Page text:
#SRCZ Album Flashback Season 2, #1: Patti Smith – ‘Horses’

There are certain albums that define a moment and others that begin a moment. When Patti Smith released Horses in 1975 it was a moment that began a career filled with music that is unconventional and poetic and much more besides. 40 years after its initial release the album is still a firm favourite and inspiration for many and still makes it onto various lists of most notable albums.


But to begin the second season of our Album Flashback features we thought we’d start with Horses, an album that we first encountered via the soundtrack of a television show called Millennium, (still one of our favourite drama’s many years later). The nine minute epic Land was used in its entirety to soundtrack a scene of one of the main characters descending into an apocalyptic madness and it was possibly one of the most beautiful moments of the show as a whole.

This madness is reflected in the songs poetic constructs and sonic concepts and still acts as an influence decades later. (Hole recorded a ‘follow up’ track to Land for their very early sessions that wasn’t as effective but you can certainly hear the influence of Patti Smith on their first album Pretty On The Inside, covered in season one of Album Flashback) But look elsewhere on the album beyond the revelatory Land, and there is much more of a cultural landscape to get lost in.

That landscape begins with the utterance of the very first words on the album. ‘Jesus died for somebody’s sins but not mine…’ before launching into the call and response chorus blessed version of Gloria that still graces a live set from Smith even now such is its potency. That first track is always key, and the way that Smith utters those famous lines, from the rebellious, snarl-like utterance of ‘people say beware, but I don’t care’ to the moment of revelation when ‘and her name is…’ begins the call and response winding down of the song.

Another undeniable moment of brilliance is the other nine minute performance poetry piece, (that simultaneously predicted the alien conspiracy movement), that is Birdland. In this song a boy discovers the father he thought was dead is in fact alive and well and flying a UFO. It’s a conceit that works well considering how ridiculous it probably sounded initially and the stark arrangement sets the words from Smith into a different place, with less need to consider them on first listen but to merely enjoy the journey and the associated emotions just as the subject of the song does.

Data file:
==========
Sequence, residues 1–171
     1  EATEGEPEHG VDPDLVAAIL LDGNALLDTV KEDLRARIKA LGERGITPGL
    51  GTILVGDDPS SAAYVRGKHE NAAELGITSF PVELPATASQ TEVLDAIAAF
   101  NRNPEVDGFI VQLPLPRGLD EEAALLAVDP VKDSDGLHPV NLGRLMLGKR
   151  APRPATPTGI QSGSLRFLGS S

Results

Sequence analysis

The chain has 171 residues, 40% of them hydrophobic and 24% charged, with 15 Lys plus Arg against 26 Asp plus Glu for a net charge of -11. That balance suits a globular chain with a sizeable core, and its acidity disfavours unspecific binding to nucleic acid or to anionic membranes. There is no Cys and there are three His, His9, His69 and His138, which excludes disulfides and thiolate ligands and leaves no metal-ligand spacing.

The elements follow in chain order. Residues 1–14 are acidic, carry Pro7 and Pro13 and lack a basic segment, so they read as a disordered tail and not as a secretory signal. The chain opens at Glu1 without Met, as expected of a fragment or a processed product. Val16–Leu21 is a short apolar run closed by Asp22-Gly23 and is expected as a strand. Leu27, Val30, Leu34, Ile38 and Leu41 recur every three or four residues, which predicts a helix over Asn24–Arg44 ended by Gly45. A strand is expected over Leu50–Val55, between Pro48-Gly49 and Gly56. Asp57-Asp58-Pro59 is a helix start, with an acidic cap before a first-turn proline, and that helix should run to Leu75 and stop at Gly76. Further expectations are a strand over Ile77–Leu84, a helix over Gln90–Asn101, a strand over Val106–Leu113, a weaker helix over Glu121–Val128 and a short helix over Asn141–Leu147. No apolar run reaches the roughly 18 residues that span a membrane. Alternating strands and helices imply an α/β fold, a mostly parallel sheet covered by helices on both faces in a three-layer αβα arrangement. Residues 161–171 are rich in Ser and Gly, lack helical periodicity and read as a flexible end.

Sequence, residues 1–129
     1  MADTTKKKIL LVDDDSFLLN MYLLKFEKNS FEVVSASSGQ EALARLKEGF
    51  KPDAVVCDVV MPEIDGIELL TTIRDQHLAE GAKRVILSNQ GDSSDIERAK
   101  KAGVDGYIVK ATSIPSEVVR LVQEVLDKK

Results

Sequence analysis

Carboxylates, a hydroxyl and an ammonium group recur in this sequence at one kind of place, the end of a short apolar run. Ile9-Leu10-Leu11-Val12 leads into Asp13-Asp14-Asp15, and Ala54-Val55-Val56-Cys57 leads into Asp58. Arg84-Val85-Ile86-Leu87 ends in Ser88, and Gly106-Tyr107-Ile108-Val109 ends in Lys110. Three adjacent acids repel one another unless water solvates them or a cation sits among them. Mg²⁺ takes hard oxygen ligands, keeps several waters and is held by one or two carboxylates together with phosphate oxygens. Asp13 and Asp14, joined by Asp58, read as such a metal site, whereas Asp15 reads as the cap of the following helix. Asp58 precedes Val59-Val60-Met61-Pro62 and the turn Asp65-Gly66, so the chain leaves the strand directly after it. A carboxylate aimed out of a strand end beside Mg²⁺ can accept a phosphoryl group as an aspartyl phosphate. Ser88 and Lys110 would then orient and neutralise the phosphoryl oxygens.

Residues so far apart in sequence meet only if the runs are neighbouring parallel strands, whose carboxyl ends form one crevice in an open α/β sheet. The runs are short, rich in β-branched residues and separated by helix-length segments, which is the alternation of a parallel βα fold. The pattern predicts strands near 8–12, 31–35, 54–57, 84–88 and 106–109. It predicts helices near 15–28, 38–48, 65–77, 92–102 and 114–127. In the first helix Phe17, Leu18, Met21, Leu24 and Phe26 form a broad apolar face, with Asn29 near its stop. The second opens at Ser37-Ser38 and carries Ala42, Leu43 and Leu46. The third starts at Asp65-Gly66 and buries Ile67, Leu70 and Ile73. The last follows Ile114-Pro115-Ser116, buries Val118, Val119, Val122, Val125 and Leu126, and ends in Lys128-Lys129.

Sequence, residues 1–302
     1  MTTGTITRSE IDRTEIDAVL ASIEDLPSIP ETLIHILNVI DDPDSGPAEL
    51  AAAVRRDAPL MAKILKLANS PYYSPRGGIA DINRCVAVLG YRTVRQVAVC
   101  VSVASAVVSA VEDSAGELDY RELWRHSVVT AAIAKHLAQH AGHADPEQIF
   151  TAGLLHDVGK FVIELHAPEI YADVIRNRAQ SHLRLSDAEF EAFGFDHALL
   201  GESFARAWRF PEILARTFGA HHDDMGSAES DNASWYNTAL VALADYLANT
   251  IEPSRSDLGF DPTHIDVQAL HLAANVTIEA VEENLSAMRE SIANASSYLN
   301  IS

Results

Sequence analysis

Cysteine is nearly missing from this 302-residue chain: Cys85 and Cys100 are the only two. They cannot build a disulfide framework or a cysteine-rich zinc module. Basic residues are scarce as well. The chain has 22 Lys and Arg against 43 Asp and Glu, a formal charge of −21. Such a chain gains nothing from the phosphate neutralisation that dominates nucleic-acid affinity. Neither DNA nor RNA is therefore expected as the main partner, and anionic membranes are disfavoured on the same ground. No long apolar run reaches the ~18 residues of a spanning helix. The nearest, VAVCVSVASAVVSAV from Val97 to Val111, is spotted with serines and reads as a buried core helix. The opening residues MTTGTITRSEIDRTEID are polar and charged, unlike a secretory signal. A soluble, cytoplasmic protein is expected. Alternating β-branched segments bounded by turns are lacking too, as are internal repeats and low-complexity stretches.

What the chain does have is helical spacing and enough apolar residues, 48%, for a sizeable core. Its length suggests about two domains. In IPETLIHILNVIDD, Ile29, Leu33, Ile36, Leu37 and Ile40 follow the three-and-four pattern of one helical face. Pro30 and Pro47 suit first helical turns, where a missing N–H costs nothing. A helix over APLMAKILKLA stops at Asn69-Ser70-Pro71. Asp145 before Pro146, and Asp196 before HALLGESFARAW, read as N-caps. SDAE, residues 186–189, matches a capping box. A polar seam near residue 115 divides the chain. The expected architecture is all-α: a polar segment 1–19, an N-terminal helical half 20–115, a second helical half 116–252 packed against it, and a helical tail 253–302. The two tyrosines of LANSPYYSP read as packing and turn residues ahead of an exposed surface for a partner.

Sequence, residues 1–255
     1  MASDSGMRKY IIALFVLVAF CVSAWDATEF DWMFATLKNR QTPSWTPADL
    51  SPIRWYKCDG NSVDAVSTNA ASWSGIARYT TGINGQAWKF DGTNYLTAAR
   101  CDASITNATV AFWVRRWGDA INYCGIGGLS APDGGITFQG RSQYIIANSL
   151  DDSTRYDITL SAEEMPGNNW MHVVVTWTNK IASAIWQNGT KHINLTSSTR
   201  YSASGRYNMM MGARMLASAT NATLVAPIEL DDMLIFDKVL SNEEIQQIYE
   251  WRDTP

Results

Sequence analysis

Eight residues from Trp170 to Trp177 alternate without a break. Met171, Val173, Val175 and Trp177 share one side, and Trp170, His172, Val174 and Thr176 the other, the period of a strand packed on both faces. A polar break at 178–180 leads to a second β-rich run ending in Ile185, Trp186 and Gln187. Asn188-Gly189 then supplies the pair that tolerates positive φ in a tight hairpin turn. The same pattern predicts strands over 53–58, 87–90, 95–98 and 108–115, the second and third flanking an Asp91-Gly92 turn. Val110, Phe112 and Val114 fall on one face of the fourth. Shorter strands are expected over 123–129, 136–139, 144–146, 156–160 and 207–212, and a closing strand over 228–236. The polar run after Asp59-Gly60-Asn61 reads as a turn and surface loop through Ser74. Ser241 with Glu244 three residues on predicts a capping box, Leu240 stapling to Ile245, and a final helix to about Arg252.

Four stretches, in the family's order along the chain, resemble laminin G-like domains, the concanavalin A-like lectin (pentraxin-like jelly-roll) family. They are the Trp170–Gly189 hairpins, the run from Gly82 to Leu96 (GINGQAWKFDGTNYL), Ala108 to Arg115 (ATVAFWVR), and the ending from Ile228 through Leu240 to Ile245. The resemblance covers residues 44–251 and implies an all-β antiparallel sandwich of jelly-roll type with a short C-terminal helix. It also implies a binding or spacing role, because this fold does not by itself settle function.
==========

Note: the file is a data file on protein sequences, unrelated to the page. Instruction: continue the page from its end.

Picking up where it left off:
But perhaps most iconic part of the album is not the music, (which is not to say it isn’t important, merely to say music is not the only thing on an album.), but the much respected album sleeve shot by Robert Mapplethorpe. The simple shot of Smith, jacket slung over her shoulder so casually as to seemingly not care, facial expression barely registering any emotion besides presence of the camera is somehow a perfect encapsulation of the art represented within Horses.

Put the audio and the visual together, tie it up with The Velvet Underground’s John Cale on production duties and Horses is truly an album that must be experienced.

(Sebastian Gahan)


Another undeniable moment of brilliance is the other nine minute performance poetry piece, (that simultaneously predicted the alien conspiracy movement), that is Birdland. In this song a boy discovers the father he thought was dead is in fact alive and well and flying a UFO. It’s a conceit that works well considering how ridiculous it probably sounded initially and the stark arrangement sets the words from Smith into a different place, with less need to consider them on first listen but to merely enjoy the journey and the associated emotions just as the subject of the song donot the music, (which is not to say it isn’t important, merely to say music is not the only thing on an album.), but the much respected album sleeve shot by Robert Mapplethorp. The simple shot of Smith, jacket slung over her shoulder so casually as to seemingly not care, facial expression barely registering any emotion besides presence of the camera is somehow a perfect encapsulation of the art represented within Horses.

Put the audio and the visual together, tie it up with The Velvet Underground’s John Cale on production duties and Horses is truly an album that must be experienced.


(Sebastian Gahan) 

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